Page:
In our past life, who would have ever thought most of us would
make it this far. I think about the changes in the attitude towards
women in the military, and how this statue continues to open hearts
and minds of those who served in the Vietnam War. Not just the
military nurses, but all the women who were technicians, women
who were in supply, intelligence, administrative, logistics and
other Army services. We also do not forget civilian women such
as the Red Cross who helped with morale and family services.
This Memorial is about the rest of the story of what happened
to them while they were there, when they came home, and how they
dealt with their experiences. Their stories are finally being
It is now our turn to care for those who have followed in your
footsteps and to be the caretakers, cheerleaders and mentors.
I realized that the idea of bringing this memorial across the
country would be more than a celebration of women who served.
The Vietnam Womens Memorial Whistle Stop Tour would take
on a life of its own, and tears of joy and remembrance would provoke
a healing unparalleled by any other memorial event.
To reflect on the tour is to remember the scenes of small miracles
and triumphs of the human spirit as we traveled across the United
Scenes such as Junction City Kansas where tears could be seen
streaming down the faces of those staring at the statue in the
dim light and the pouring rain.
Or the woman veteran in Dallas Texas, who overcame her despair
and cast away her ghosts and finally had the courage to tell her
family who and what she was all about because of her experiences
Even Mother Nature played a hand in some of these small miracles.
We brought rain to San Antonio after a sixty-five day drought.
The tour turned into a traveling journey back home for all those
who came out to see as well as those who participated. Veterans
and families, young and old came to offer tribute to all the women
who served and to those who cared for the soldiers when they returned
But much more than that, is the perpetual healing that started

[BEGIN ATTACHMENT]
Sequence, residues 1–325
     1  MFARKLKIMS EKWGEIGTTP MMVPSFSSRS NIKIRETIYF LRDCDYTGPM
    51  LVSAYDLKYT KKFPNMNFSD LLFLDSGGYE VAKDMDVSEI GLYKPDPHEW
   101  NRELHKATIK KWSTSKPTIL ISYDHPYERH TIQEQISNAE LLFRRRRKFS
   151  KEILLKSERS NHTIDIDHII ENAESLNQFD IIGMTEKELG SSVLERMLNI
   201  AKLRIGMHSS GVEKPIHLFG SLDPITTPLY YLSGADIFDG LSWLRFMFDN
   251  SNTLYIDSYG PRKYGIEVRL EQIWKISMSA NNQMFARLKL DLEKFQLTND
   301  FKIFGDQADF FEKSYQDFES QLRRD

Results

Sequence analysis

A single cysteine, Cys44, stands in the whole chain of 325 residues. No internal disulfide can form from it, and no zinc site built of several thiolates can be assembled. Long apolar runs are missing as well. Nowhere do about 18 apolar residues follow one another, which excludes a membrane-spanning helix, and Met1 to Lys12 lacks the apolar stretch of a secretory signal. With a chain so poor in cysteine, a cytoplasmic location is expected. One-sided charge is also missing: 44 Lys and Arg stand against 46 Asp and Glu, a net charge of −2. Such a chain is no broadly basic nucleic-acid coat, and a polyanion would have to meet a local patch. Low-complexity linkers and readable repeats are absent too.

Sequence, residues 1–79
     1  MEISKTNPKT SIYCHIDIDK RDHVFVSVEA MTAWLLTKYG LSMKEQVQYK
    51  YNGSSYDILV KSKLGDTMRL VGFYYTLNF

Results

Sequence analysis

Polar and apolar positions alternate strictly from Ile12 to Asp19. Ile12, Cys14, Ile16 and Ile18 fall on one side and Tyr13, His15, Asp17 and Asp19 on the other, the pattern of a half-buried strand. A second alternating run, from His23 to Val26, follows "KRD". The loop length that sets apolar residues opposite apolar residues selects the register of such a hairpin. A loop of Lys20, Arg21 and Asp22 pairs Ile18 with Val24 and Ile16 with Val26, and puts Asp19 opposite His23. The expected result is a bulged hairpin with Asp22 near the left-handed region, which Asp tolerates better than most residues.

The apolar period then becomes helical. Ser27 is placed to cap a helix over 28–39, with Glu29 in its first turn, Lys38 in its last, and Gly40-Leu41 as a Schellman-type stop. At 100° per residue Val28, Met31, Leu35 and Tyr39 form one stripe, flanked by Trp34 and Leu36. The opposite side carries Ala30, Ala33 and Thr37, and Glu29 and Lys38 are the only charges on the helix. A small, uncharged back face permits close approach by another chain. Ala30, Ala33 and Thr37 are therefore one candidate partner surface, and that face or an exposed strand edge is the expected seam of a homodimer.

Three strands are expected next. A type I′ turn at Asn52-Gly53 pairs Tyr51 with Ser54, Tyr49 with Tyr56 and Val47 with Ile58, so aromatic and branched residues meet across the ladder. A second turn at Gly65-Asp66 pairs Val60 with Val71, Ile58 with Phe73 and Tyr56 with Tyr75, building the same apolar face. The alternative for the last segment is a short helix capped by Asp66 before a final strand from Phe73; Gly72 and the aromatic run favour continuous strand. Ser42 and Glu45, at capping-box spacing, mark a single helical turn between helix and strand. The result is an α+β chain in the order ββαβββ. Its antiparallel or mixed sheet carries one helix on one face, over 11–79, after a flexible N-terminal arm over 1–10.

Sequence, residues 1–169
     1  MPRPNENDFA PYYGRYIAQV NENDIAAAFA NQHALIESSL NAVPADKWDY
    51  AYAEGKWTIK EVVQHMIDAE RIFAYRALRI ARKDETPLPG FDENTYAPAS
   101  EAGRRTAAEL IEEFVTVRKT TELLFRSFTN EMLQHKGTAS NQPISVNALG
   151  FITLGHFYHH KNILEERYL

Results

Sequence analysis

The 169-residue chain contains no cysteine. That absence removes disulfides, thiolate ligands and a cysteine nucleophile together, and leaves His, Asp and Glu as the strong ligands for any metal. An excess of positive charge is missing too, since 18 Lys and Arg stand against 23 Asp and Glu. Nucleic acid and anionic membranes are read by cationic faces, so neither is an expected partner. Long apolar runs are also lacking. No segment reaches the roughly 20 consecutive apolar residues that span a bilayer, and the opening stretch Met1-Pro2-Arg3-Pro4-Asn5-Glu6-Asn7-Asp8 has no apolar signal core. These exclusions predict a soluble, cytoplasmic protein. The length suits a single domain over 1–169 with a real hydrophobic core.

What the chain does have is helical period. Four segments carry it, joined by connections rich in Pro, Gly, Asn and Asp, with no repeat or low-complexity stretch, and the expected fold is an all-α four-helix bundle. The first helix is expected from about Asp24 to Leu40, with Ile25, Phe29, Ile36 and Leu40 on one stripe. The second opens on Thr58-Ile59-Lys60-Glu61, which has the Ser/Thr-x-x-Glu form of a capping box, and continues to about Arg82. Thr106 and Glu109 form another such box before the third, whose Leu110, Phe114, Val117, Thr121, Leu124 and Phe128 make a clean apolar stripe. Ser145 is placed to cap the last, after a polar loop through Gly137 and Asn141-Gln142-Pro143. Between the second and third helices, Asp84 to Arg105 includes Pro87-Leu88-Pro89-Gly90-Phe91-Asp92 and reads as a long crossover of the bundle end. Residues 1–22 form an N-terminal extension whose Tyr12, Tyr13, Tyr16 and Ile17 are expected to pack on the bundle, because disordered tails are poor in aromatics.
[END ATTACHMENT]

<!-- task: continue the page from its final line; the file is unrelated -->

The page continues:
and continues today. You see, there are many who have made it
back to the world and have yet to find a home for their souls.
We are still losing women who have served.
There are those who have not found their light at the end of the
tunnel. And for those of us who did make it back, it is up to
us to pledge to put that light at the end of the tunnel and help
guide them back to the safe confines of home.
This also means the new generations of women who have served,
and are now returning from THIS war!
If you ask any soldier who may have come back wounded, who was
the last person they saw before coming home? Most likely their
answer will be that of a caring nurse or a Red Cross worker. Women
are the ones who helped us make it back home. You are the ones
that gave us hope during times of despair. You are the ones that
gave us physical and emotional comfort. Most of the time it was
a thankless job with extremely long hours and horrible living
conditions and yet, you endured only to come home to a country
that didnt want to welcome you back.
During the Vietnam War, you were forgotten. But not any more!
This statue is only a symbol. But the statement is crystal clear!
For what has been experienced by the least of us, affects all
of us. We cannot allow what happened to the women who served our
nation to let them ever lose sight of that light which guides
them back to their heartfelt home.
For each tear that every single one of you shed, it is your badge
of courage! And for everything you have experienced, is your right
of passage! And that right must never, ever be denied or taken
I work at the Center for Minority Veterans at VA, and share the
Office with the Center for Women Veterans. I have to tell you
that they are a dedicated group and work very hard and have the
passion to be that guiding light. I am proud to be associated
with them. They do care. Much has been done to improve the lives
of women veterans by this group, and they are one of many organizations
that represents this guiding light as beacon of hope for all of
you to follow, including those serving today!
Our service to all of you is paramount. Our love for you will
never diminish. Just like this symbol of the three women caring
for the wounded soldier, their love and caring expressions will
remain crystal clear long after you and I depart from this life.
Welcome Home can be said many times. Doing something about it
defines what this statement really means. All of you were individually
challenged. The circumstances brought out the extra ordinary qualities
that separate you from ordinary people. You became heroes in a
war often described as one war that did not have heroes. You rose
to the heights that many aspire to climb, but only a few ever
experience the view! This is your story of courage and honor,
and we thank you every day of our lives.
I am honored to be among all of you, and again I say, welcome
home. Im glad your here